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Stich elaborated on the approach, stating, “We’re in the process of doing that work right now. I would love to have something in place next year if we can, but we’ve got to do all the right analysis. We’ve got to make sure that it’s safe for the crew.” This new approach presents challenges, including the need for additional propellant to perform the deorbit burn with the trunk attached and ensuring the safe separation of the trunk after the burn. Engineers are exploring various methods to achieve this, aiming to have a solution implemented as soon as possible.

NASA's Safety Considerations

The issue of falling space debris has broader implications beyond technical adjustments. For instance, in March 2024, a piece of an ISS battery rack caused damage to a house in Naples, Florida. This incident led to a claim filed against NASA for $80,000 in damages. Mica Nguyen Worthy, the attorney representing the affected family, emphasized the need for NASA to set a precedent for responsible space operations, stating, “Here, the U.S. government, through NASA, has an opportunity to set the standard or ‘set a precedent’ as to what responsible, safe, and sustainable space operations ought to look like. Paying the claim would send a strong signal to both other governments and private industries that such victims should be compensated regardless of fault.”

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Additionally, debris from the Crew-7 trunk landed at a luxury camping site in North Carolina, which has since used the incident as a unique attraction. The Glamping Collective, where the debris was found, advertised, “We invite you to come experience this yourself!” showcasing the debris at the start of a hiking trail. This unusual display highlights both the potential risks and the public's fascination with space debris.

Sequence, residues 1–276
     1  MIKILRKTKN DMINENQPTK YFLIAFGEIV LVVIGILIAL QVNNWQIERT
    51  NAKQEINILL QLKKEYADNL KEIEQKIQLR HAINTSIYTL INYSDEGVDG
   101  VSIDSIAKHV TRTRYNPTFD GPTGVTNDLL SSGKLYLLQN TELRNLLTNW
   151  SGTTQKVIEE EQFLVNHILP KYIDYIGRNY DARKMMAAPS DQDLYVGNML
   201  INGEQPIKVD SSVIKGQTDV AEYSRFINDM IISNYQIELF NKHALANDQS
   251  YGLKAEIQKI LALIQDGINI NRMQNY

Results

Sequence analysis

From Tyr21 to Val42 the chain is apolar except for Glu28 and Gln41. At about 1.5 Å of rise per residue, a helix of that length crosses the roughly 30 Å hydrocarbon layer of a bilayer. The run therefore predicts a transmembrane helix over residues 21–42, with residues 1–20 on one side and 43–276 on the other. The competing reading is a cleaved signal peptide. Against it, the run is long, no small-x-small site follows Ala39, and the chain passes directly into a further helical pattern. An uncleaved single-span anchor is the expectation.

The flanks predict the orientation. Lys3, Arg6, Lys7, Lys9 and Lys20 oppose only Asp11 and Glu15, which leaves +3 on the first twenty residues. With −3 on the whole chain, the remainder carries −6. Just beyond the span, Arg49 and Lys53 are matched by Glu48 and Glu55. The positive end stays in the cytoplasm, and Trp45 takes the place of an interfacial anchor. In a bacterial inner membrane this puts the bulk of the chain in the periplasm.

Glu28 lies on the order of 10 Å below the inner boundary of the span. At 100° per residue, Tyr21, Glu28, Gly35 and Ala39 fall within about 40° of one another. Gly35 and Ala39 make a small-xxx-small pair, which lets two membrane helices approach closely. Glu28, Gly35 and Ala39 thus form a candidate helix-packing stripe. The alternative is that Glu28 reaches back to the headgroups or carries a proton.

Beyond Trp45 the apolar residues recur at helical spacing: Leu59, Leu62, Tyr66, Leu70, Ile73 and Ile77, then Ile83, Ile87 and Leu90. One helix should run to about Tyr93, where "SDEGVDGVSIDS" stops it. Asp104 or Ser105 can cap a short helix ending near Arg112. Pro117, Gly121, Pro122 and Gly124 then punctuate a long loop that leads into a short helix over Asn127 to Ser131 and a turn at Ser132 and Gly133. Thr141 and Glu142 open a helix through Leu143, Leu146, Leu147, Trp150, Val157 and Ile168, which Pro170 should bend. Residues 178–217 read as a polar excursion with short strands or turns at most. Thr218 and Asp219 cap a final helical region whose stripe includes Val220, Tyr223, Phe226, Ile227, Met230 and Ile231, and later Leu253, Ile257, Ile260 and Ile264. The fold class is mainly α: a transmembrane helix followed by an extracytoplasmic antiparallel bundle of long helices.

Implementing New Reentry Procedures

NASA and SpaceX are committed to finding a viable solution to manage reentry debris from the Dragon spacecraft. The ongoing studies aim to ensure that any future debris lands in unpopulated areas, minimizing risks to people and property. This effort reflects a broader commitment to sustainable and responsible space exploration, ensuring that advancements in space technology do not come at the expense of safety and environmental integrity.

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As Jeff Foust from SpaceNews highlighted, the collaborative efforts between NASA and SpaceX signify a proactive approach to addressing the challenges posed by space debris, ensuring the continued success and safety of human spaceflight missions. The implementation of new reentry procedures for the Dragon spacecraft will set a precedent for future missions, promoting safe and sustainable practices in the expanding field of commercial space exploration.


An editor specializing in astronomy and space industry, passionate about uncovering the mysteries of the universe and the technological advances that propel space exploration.

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1 comment on «NASA and SpaceX Address Dragon Trunk Debris Issue»

  • Homer10

    They should put aerodynamic fins on the trunk that imparts a spin on the trunk. As the trunk falls through the atmosphere it will then spin up to very high speeds as it re enters. This will tear the trunk into very small pieces that will burn up completely.